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Reviewed by Lisa McCombs for Readers' Favorite
Katie should be a typical teenage girl doing typical teenage girls things; and to her peers she is. She goes to school where she tolerates biology class, aces English class (she's already read all the assigned novels) and excels in art class. One would think that she and her best gal pal share an exciting high school social life, but at the end of the school day, Katie goes home to an atmosphere of sadness and anxiety. Katie's brother Matthew is suffering his third and most likely final round of cancer. While Katie's mother devotes her every waking moment researching possible life-saving medical procedures and Matthew approaches each day with a courageous smile, Katie finds herself drowning in an existence void of escape from sickness and false hopes. Just as her spirit is at its lowest point, two men enter her life to comfort and carry her away from the dark realities of her daily life. Who are they? WHAT are they? Guardian angels?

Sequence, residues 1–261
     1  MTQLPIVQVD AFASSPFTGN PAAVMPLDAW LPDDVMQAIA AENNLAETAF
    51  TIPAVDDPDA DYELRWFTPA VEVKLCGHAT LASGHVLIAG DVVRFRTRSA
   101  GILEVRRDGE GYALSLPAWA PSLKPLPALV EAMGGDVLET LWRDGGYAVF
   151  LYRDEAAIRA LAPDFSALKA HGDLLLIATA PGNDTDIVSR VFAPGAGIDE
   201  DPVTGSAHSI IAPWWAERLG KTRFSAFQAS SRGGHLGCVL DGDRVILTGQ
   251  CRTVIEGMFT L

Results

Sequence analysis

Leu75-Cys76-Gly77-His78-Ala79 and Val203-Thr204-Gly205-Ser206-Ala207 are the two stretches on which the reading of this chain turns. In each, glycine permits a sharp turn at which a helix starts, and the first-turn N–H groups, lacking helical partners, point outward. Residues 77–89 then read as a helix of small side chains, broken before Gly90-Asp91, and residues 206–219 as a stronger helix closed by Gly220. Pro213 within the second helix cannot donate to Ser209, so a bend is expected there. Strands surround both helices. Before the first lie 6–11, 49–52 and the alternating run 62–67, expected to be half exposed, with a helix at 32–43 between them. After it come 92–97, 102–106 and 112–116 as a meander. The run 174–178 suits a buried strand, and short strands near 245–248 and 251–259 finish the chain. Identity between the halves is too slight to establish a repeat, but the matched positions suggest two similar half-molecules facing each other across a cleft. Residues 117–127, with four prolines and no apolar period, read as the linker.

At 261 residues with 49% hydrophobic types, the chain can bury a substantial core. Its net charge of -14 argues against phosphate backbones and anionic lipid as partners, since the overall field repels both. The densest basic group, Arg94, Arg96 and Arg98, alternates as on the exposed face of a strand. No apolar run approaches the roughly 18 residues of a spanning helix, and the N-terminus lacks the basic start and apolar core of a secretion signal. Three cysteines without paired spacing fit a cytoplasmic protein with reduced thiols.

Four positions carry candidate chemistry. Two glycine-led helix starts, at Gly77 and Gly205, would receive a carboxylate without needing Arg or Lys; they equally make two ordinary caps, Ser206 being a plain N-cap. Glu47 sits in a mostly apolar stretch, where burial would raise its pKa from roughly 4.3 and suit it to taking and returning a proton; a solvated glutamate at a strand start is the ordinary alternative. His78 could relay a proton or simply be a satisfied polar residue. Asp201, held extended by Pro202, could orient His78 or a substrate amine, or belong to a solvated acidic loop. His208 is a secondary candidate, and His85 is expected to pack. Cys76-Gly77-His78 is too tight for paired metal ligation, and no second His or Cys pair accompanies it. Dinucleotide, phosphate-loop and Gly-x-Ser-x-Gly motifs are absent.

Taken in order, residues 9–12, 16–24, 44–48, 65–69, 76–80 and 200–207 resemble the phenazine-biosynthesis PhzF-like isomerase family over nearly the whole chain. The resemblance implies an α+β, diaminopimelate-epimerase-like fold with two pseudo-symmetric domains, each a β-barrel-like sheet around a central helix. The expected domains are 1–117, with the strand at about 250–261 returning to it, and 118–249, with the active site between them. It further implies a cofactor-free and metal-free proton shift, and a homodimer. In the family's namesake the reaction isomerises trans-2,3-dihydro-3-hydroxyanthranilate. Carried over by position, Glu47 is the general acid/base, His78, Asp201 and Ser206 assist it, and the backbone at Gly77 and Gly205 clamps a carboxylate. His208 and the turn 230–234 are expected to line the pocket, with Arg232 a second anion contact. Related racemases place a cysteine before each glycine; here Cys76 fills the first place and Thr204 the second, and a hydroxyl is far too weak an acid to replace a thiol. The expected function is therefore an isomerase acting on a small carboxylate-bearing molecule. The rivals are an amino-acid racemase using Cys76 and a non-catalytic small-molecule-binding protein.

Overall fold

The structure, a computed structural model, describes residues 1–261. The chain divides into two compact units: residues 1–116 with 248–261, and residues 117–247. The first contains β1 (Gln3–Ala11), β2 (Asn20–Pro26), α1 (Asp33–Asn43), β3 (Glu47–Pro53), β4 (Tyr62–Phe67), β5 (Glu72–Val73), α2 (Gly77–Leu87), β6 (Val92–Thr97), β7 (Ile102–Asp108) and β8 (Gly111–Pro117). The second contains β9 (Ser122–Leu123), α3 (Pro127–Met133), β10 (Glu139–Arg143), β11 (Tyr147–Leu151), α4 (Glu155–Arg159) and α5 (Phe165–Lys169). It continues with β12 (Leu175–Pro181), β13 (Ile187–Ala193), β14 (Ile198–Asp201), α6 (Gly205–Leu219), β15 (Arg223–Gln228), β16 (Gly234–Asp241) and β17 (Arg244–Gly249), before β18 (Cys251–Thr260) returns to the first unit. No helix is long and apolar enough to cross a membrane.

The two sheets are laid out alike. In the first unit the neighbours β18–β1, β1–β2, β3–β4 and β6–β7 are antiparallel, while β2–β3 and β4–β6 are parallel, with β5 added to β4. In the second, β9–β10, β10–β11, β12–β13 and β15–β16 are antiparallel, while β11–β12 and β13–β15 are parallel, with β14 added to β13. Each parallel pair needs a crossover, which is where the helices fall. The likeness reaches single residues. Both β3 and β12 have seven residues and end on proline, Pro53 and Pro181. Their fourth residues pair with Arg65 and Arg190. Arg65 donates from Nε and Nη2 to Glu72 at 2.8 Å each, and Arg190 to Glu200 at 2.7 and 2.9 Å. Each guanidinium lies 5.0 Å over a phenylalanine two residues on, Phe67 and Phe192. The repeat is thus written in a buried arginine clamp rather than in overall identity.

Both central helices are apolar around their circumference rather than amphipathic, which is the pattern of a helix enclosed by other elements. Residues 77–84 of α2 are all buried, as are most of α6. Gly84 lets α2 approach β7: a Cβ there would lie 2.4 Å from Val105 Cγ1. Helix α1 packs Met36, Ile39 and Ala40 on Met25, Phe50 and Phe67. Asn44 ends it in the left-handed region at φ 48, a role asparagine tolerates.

I thoroughly enjoyed reading "Slipping Reality". Although it is categorized as young adult I believe this is marketable to a wider reading audience. Often the focus is on the immediate victim of terminal illness and younger family members are secondary in the grieving process. In this fictional adaptation of living with terminal illness, Emily Beaver gives her first hand impression of actually losing an older brother to cancer. The author comments in her personal notes that she wishes she could have found the escape that her main character did during the "real time" events of her brother's last days. Wonderful read!